S.D.Thompson: Solar Physics Research

This page is a brief summary of my Ph.D. research work, which I carried out at DAMTP, University of Cambridge, between 2002 and 2006.


S.D.Thompson. Magnetoconvection in an inclined magnetic field: linear and weakly non-linear models. In Monthly Notices of the Royal Astronomical Society, vol. 360, pp. 1290–1304, 2005.

PhD Thesis: Modelling Magnetoconvection in Sunspots


Although sunspots have been observed for centuries, we do not yet have a detailed understanding of their structure and properties. This thesis considers a number of approaches to modelling sunspots, and in particular the magnetoconvective processes that take place within them. Particular emphasis is given to the penumbra, since little is currently known theoretically about this region.

Our models will fall into two categories. The first category includes simplified, reduced models, covering the linear and weakly nonlinear regimes, while the second category consists of full three-dimensional numerical simulations of compressible magnetoconvection.

We begin by constructing a simple linearized model of magnetoconvection in uniform inclined fields. We then move on to the weakly nonlinear regime, where competition between different patterns of convection can be investigated. Finally we extend the model by allowing the angle of inclination of the field to vary with position. This allows us to build up a reasonable reduced model of convection in a sunspot, showing a transition between 'umbra' and 'penumbra'; although this model has its limitations, it serves to show how much can be achieved using a minimal approach, without needing a detailed knowledge of the physics of sunspots.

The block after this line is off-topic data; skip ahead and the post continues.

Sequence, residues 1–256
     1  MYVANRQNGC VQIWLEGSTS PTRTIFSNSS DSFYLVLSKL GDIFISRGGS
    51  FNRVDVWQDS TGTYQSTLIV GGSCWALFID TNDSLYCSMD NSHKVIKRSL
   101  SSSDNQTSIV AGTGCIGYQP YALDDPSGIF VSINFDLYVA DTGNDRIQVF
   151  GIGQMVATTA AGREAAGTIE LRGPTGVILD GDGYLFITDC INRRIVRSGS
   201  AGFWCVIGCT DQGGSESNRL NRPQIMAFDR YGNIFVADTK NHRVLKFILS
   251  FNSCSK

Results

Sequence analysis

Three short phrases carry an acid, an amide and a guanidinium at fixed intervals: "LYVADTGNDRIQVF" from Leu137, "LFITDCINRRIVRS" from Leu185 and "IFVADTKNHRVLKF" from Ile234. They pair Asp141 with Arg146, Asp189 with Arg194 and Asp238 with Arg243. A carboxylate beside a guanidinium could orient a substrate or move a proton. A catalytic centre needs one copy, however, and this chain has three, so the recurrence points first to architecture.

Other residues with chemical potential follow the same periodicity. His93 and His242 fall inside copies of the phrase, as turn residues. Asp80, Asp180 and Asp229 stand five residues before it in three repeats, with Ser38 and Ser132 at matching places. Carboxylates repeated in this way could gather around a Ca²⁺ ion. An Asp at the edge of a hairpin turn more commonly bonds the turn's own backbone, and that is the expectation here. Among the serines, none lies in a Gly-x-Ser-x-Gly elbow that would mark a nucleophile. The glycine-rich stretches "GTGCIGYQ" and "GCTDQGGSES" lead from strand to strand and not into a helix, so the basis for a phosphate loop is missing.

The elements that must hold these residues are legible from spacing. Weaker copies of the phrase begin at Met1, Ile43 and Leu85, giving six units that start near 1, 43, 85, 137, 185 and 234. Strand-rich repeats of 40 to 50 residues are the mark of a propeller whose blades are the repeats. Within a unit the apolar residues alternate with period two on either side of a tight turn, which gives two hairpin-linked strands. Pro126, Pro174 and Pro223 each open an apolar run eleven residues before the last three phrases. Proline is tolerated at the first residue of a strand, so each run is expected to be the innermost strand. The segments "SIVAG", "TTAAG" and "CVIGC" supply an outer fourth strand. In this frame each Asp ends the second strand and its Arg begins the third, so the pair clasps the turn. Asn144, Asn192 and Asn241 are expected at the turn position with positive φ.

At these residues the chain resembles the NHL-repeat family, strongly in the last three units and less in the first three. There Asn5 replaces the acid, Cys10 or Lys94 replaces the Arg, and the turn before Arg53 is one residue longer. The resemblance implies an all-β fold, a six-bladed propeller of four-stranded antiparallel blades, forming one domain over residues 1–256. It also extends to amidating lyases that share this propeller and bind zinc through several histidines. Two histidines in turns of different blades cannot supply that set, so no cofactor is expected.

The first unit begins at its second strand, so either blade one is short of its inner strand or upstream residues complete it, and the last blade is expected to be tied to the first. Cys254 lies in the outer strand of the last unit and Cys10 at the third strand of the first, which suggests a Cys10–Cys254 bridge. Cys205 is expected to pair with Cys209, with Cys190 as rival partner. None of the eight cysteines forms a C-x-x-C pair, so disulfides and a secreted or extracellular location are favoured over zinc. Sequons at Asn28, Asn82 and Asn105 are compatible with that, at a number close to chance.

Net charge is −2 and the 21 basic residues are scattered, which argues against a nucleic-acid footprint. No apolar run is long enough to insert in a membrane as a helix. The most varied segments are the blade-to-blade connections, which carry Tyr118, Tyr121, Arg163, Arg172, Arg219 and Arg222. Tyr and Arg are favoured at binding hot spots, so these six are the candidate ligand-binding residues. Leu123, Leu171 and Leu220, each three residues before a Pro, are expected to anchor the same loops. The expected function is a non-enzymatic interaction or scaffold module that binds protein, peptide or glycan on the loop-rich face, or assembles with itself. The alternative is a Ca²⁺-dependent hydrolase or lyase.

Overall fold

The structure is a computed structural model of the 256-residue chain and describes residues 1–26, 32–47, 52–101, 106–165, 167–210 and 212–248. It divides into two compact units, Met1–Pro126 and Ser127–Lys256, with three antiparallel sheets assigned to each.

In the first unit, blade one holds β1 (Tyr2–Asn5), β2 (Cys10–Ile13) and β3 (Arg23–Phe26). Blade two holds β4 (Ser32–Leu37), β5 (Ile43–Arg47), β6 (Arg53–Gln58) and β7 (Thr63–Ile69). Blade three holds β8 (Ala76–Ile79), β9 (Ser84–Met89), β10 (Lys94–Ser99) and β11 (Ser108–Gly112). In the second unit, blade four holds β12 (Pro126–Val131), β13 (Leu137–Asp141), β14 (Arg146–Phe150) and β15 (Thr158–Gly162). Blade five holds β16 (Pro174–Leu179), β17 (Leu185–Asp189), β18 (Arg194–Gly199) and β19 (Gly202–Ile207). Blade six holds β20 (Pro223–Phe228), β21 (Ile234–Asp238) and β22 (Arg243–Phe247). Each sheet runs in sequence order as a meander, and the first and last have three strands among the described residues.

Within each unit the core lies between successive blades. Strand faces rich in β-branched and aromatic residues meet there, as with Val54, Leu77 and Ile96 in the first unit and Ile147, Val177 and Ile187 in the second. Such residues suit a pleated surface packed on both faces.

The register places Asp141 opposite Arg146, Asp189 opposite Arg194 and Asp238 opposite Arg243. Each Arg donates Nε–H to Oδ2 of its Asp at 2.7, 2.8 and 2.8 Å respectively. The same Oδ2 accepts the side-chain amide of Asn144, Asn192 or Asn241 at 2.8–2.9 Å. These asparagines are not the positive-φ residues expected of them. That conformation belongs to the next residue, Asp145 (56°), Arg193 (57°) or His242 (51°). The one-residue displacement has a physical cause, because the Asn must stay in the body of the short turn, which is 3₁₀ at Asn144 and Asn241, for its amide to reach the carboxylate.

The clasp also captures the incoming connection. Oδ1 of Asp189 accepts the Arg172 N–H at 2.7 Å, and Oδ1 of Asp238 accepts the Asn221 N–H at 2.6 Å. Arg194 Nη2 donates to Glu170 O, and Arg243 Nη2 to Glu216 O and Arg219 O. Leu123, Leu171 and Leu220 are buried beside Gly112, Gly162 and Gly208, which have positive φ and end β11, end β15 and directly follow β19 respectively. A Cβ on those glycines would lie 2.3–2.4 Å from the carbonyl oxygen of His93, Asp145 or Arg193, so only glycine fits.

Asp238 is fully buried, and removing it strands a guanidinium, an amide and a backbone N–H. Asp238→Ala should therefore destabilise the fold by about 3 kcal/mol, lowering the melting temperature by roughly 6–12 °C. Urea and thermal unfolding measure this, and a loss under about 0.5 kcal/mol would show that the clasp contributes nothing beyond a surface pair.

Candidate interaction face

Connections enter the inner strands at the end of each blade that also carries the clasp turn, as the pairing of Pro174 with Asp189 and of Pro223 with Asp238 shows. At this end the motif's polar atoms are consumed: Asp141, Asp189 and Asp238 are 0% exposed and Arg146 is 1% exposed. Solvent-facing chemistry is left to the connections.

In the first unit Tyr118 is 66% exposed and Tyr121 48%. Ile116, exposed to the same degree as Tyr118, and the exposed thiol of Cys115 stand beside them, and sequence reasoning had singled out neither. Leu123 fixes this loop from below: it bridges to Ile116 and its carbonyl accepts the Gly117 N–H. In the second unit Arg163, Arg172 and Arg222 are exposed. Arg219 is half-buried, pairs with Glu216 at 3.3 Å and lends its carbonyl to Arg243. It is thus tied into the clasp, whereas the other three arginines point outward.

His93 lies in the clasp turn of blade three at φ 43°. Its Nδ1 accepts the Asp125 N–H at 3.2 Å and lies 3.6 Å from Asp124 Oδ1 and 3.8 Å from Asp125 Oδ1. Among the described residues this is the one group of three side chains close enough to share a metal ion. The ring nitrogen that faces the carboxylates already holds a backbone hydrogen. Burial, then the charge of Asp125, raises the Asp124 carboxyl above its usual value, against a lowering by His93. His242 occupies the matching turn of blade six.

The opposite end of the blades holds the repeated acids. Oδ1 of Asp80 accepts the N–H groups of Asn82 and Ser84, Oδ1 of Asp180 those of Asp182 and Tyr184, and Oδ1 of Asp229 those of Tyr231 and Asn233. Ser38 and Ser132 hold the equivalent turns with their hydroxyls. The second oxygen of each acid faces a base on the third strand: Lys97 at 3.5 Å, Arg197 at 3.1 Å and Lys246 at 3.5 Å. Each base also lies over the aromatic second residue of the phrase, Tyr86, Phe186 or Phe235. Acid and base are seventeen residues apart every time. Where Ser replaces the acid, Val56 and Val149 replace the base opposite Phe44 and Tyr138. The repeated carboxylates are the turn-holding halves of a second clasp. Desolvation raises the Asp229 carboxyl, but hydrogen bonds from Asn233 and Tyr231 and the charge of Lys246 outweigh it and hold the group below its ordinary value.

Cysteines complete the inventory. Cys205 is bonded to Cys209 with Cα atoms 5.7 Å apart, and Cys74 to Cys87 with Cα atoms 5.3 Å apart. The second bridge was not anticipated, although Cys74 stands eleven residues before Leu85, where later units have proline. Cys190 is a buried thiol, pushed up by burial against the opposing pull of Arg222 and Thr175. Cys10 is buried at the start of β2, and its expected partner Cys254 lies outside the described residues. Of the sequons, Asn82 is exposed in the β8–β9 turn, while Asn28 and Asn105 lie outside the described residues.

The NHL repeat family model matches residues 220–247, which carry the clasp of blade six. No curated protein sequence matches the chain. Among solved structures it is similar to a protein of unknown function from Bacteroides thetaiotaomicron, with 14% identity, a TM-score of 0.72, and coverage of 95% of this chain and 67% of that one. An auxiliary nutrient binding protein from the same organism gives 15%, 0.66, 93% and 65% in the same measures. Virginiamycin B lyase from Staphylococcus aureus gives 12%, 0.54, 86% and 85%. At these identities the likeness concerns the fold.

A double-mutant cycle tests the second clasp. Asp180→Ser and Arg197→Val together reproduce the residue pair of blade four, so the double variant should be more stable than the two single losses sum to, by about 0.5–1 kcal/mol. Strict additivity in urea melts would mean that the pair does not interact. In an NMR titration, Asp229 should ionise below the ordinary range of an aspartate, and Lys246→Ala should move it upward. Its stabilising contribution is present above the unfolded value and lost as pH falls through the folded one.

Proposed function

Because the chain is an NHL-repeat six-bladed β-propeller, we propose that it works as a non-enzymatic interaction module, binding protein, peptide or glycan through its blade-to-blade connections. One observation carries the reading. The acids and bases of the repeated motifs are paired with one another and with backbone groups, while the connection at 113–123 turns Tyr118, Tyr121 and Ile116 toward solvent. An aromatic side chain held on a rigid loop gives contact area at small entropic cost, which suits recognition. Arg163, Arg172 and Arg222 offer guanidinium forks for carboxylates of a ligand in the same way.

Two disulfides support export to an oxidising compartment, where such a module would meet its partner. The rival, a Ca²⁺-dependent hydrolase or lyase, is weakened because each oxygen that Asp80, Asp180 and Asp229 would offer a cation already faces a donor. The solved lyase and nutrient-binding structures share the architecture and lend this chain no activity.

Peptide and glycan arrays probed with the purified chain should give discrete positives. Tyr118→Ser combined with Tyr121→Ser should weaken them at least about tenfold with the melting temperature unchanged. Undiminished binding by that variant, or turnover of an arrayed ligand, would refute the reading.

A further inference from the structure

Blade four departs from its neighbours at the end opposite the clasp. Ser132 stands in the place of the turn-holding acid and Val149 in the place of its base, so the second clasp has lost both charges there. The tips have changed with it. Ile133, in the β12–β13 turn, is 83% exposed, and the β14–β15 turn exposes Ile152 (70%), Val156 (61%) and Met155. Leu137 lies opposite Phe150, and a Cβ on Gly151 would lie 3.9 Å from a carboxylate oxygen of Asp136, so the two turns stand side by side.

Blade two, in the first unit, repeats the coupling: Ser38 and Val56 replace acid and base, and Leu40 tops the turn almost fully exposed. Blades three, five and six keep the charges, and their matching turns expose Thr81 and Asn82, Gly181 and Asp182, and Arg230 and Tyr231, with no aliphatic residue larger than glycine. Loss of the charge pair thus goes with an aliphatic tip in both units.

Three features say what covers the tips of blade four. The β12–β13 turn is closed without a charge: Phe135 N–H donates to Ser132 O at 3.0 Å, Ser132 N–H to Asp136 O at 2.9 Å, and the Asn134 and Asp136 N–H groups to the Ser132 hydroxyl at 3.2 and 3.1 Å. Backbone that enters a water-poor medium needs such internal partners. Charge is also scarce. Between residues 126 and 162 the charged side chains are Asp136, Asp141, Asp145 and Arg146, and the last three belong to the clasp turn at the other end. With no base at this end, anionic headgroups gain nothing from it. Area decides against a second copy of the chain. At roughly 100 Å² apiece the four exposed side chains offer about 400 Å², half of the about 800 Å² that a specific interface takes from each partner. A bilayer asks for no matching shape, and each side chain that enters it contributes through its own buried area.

The remainder of the thesis presents a number of three-dimensional simulations of magnetoconvection. Our simulations were designed to illustrate how the pattern of convection changes as the angle of inclination of the field is varied, with the aim of investigating the patterns that might be expected within the penumbra. We begin with simple simulations with uniform fields, and then move on to a model in which the field 'fans out' with position, mimicking the situation in a sunspot. The results show an interesting transition from hexagonal to more roll-like patterns, reminiscent of the transition between umbra and penumbra found in real sunspots.


The thesis is available to download in PDF format, either as a single large file, or as a separate download for each chapter.

Entire Thesis as one file (12.8 M)

Front matter, table of contents (42 K)
Chapter 1: Introduction (1.2 M)
Chapter 2: Linear Theory (467 K)
Chapter 3: Weakly Nonlinear Models (3.3 M)
Chapter 4: Swift-Hohenberg Model for Tilted Magnetic Fields (5.4 M)
Chapter 5: Numerical Simulations (2.5 M)
Chapter 6: Conclusions and Future Work (30 K)
Appendices (189 K)
Bibliography (47 K)